Our goal was to provide a user-friendly open-source software package that allows for 3D reconstruction from videos recorded with consumer-grade cameras and other easily accessible components. The complete three camera package itemized in Table 2 costs less than USD $2000, and can be less expensive depending on camera models and other accessories. Once practiced, the hardware takes less than 5 min to set up and calibrate in the field, fits in a single backpack, and is durable against variable field conditions. Therefore, 3D tracking is now feasible in harsher environmental conditions than before (including under water), and where a quick deployment is necessary because animal locations are unpredictable. Additionally, because Argus is open-source and will run on any recent computer platform, it can be installed freely on student computers and throughout computer labs, enabling 3D tracking as part of classroom experiments.
METHODS AND MATERIALS
Cameras and equipment
We filmed using GoPro Hero4 Black cameras (GoPro, Santa Cruz, CA, USA), mounted in stock cases (see Table 2). We have also used these methods with other GoPro models, Flip MinoHD, Nikon D300S, and Canon EOS 6D, and have assisted others working with various lens-camera combinations including lab-grade video camera bodies. A typical complement of equipment for GoPro Hero4-based field 3D tracking is provided in Table 2.
Several software tools exist for creating extrinsic and intrinsic camera calibrations, including (Hedrick, 2008; Lourakis and Argyros, 2009; Theriault et al., 2014; http://www.vision.caltech.edu/bouguetj/calib_doc/). Here we present a simplified set of tools designed for ease of use (Table 3). The tools provided here run in a local Python environment, have graphical and command line interfaces, and are compatible with Windows Vista (and later), Mac OS X 10.9 (or later) and various Linux distributions. All code developed specifically for this project is licensed under the GNU public license version 3.0; the subcomponents use a variety of other open source licenses. The previously described DLTdv (Hedrick, 2008) and easyWand (Theriault et al., 2014) MATLAB programs provide more feature-rich implementations of point tracking and wand calibration and can take the place of different Argus components (Clicker and Wand, respectively) if desired. For example, DLTdv5 allows a user to split and join different digitized tracks, a feature currently not implemented in Argus Clicker. File formats for Argus Clicker and Wand, and for DLTdv and easyWand are largely interchangeable. The Argus software and documentation can be obtained from http://argus.web.unc.edu.
Laboratory calibration of camera intrinsic parameters
As part of the downloadable Argus software, we provide a database of camera intrinsic parameters for select camera and lens setting combinations; the database is also available separately at http://argus.web.unc.edu for use with other analysis routines (e.g. easyWand; Theriault et al., 2014). For cameras not included in the database, a laboratory calibration for camera intrinsic parameters can be obtained from Argus. First, a test pattern of known geometry is printed and firmly affixed to a flat surface; we typically use a high-contrast 12×9 dot pattern with 2 cm spacing (see Fig. 1, pattern available at Argus website).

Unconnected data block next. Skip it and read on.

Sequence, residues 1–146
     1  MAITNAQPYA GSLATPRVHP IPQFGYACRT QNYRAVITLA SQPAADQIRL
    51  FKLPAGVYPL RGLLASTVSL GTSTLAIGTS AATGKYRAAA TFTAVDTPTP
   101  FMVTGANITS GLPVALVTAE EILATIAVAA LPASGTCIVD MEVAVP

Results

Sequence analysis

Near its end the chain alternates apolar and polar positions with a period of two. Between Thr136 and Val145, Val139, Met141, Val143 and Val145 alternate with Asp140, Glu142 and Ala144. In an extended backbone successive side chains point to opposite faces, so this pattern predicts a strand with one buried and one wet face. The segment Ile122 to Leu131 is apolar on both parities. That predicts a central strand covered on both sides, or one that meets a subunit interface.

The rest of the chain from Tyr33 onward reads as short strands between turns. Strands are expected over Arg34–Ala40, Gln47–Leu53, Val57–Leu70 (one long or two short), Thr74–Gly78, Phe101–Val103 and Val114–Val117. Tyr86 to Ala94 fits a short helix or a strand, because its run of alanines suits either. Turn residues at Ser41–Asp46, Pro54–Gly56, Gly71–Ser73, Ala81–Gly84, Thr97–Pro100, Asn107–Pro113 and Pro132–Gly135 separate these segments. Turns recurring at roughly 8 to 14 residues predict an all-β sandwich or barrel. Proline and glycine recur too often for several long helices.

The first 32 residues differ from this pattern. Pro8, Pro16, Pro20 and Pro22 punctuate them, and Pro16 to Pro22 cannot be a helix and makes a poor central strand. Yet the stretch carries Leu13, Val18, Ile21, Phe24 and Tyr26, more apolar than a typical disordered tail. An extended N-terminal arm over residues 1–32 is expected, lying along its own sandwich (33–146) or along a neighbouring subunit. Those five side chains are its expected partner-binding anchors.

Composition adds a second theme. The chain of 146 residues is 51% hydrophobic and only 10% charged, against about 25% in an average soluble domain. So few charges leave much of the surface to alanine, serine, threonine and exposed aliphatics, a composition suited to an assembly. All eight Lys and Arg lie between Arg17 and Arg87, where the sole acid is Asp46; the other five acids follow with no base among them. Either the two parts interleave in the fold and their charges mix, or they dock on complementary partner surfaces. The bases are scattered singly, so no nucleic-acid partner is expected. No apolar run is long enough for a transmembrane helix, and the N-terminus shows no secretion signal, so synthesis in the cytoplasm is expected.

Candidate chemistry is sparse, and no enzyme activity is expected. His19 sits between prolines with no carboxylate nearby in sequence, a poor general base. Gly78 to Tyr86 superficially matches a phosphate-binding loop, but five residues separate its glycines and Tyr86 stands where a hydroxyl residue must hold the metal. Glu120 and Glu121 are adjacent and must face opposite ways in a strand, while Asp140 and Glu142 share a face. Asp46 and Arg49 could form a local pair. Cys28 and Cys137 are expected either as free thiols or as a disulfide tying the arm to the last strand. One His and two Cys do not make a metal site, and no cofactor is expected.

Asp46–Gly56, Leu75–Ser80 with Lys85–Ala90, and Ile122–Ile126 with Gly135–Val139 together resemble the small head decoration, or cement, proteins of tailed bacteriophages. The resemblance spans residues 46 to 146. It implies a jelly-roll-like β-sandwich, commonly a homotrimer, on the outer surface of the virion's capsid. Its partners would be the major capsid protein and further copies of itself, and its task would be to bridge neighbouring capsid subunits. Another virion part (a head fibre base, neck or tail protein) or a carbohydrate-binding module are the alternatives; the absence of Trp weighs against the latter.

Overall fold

With the camera recording at the resolution, frame rate, and field of view to be used in experiments, the pattern is moved through the field of view (or, equivalently, by moving the camera) to obtain a variety of views. An ideal calibration recording includes video frames with complete pattern views (all points are visible) at varying distances ranging from 25% to 75% of the field of view, and including all regions of the field of view. For the automatic detection routines, the orientation (landscape or portrait) of the pattern should be maintained throughout the filming; however, small rotations are desirable in order to ensure the patterns are not co-planar among different video frames. The automatic detection routines depend on sharp visible contrast of the pattern; therefore, the pattern should be well lit and should be moved slowly to reduce motion-blur.
Argus Pattern automatically analyzes the resulting video (see Fig. 1B) frame by frame to locate the patterns. Argus Calibrate uses the detected patterns to iteratively find a set of intrinsic parameters that minimizes the root mean squared error (rmse) of the reprojected points in the original pattern. Such calibration is computationally expensive and time-consuming; therefore, we designed Argus Calibrate to use a bootstrapping approach. The user selects the desired number of detected patterns from the calibration video, chosen randomly and non-sequentially, to include in each replicate calibration, and the number of replicate calibrations to perform. The camera profiles included herein and in Argus were achieved with settings of 30 frames and 2000 replicates. The intrinsic parameters saved from Calibrate can be used to undistort raw video using Argus Dwarp and are provided to downstream routines (Argus Wand and Clicker) as part of 3D reconstruction. It is important to note that such parameters will not fully remove all imperfections from a video. However, the ‘undistorted’ video output from Dwarp, or the inclusion of camera profiles in Clicker, should correct for enough distortion-induced error to provide sufficient resolution for most biological applications using these techniques.